Following some goofy and exuberant public presentations, Microsoft's chief executive Steve Ballmer is certainly a larger than life character.
But with Microsoft having had to play catch up to the rise of smartphones and tablets, some critics have called for Mr Ballmer to resign and let somebody else take the company forward.
A lacklustre reaction to its latest operating system Windows 8, which was much-hyped but failed to impress, has also turned the spotlight on the chief.
Former Microsoft executive Joachim Kempin believes Mr Ballmer, who has been in the top job since 2000, should either leave the group altogether or at least move to a different role.
He told the BBC that Mr Ballmer's assertion that Microsoft is now a device and service company is "baloney", and that Microsoft is and always has been a software company.
Mr Kempin worked for Microsoft from 1983 to 2002, and by the end of that time was in charge of selling Windows and Office to PC manufacturers.
"When I look at the situation today it is obvious Microsoft is abandoning these people [PC makers]," he says. "Microsoft are going into surface tablets. These tablets are OK products, but nothing really distinguishes them either."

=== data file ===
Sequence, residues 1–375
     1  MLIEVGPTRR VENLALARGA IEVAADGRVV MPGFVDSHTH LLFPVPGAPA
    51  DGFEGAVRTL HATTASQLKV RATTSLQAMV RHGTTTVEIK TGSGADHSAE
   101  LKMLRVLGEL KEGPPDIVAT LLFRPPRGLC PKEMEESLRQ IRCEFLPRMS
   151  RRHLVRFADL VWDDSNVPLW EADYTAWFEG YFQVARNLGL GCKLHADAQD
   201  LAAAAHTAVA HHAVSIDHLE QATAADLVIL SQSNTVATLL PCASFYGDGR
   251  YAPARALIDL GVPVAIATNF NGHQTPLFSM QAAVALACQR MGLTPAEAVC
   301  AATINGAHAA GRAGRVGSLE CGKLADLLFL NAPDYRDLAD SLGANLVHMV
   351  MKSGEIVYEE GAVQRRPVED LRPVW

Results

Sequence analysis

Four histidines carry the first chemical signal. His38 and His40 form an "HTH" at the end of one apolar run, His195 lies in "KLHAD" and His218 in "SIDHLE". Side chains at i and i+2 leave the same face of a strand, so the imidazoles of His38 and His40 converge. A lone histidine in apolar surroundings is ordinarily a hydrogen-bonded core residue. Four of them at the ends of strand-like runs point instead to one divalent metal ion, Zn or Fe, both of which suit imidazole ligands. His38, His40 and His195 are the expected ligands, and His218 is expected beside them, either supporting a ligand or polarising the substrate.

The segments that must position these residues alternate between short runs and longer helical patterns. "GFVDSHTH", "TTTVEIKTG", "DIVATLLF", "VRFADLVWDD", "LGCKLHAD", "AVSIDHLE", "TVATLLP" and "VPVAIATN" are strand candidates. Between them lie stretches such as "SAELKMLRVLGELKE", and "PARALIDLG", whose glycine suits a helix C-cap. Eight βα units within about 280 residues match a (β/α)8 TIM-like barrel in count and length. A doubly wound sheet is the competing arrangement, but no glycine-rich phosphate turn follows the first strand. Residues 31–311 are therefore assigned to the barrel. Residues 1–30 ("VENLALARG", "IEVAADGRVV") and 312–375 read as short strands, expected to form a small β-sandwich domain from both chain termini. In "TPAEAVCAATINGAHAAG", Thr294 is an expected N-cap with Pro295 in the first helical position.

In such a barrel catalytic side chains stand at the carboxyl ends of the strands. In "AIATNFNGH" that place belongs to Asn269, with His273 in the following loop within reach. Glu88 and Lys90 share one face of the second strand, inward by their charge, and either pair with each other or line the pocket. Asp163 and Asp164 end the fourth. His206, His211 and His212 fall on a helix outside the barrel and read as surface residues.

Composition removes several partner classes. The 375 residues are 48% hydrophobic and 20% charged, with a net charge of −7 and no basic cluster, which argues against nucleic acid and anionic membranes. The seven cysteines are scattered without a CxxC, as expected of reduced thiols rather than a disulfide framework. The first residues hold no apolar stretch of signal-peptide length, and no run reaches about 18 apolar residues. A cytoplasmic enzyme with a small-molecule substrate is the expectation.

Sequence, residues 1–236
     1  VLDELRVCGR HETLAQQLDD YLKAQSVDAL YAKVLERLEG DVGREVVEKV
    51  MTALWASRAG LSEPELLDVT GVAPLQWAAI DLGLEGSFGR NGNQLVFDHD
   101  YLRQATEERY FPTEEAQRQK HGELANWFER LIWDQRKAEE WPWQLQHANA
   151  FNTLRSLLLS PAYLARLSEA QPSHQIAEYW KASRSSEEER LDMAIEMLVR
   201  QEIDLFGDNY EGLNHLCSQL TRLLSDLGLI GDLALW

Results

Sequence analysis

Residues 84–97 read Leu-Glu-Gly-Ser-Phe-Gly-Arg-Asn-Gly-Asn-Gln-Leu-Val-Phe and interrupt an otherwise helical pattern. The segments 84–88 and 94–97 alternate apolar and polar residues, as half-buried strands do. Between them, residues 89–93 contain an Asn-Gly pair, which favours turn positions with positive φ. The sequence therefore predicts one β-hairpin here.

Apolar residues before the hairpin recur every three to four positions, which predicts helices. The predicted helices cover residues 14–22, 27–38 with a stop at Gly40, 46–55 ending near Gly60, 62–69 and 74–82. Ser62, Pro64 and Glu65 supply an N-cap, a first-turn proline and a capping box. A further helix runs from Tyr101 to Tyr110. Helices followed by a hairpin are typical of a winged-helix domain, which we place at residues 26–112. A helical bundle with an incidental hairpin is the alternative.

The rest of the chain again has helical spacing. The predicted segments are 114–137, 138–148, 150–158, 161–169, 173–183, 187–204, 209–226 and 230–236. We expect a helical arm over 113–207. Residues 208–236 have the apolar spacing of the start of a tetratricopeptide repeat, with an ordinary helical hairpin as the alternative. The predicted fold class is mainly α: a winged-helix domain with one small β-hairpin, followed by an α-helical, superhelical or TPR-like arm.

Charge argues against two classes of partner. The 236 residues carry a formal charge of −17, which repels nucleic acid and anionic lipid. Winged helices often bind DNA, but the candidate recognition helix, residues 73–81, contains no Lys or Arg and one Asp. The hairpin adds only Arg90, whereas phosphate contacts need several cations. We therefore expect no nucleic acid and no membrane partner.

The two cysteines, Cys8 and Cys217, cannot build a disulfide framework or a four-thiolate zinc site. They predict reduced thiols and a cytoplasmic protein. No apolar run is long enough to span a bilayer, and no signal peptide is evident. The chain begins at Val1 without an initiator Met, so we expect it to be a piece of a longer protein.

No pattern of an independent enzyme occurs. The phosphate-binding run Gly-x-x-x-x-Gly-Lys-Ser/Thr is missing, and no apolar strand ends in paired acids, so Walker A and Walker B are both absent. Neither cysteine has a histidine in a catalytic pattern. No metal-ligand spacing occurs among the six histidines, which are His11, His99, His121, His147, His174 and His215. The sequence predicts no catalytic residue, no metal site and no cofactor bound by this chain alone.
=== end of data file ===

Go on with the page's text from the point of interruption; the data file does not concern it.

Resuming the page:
By making this move, the company has alienated some of its manufacturing partners, he says, pointing to the likes of Hewlett-Packard and Samsung now producing Android tablets, not Windows tablets.
He says the company has also missed a trick with its Office software suite, by not putting it on Android devices and a smaller version on iPhones and Android phones. Instead Mr Kempin says they are protecting the Windows franchise, which is "totally wrong".
And the buck stops with the chief executive, he says. "Mr Ballmer is a great COO (chief operating officer) but he doesn't have that vision. A CEO needs to look at the total market."
He added that Mr Ballmer's style of management was very "prescriptive" and that the company had lost much of its entrepreneurial spirit.
Strong balance sheet
Microsoft pointed to its strong financial performance since Mr Ballmer became chief executive.
Revenues have nearly tripled from $25.3bn (£16.6bn) in 2001 to $74.3bn in 2012, and operating income has risen from $11.7bn to $25.3bn.
It also said that over the past decade, Mr Ballmer had returned more than $180bn to shareholders via dividends and stock buybacks, more than than any US company besides Exxon, and the $63bn cash it has on its balance sheet is second only to Apple in the US.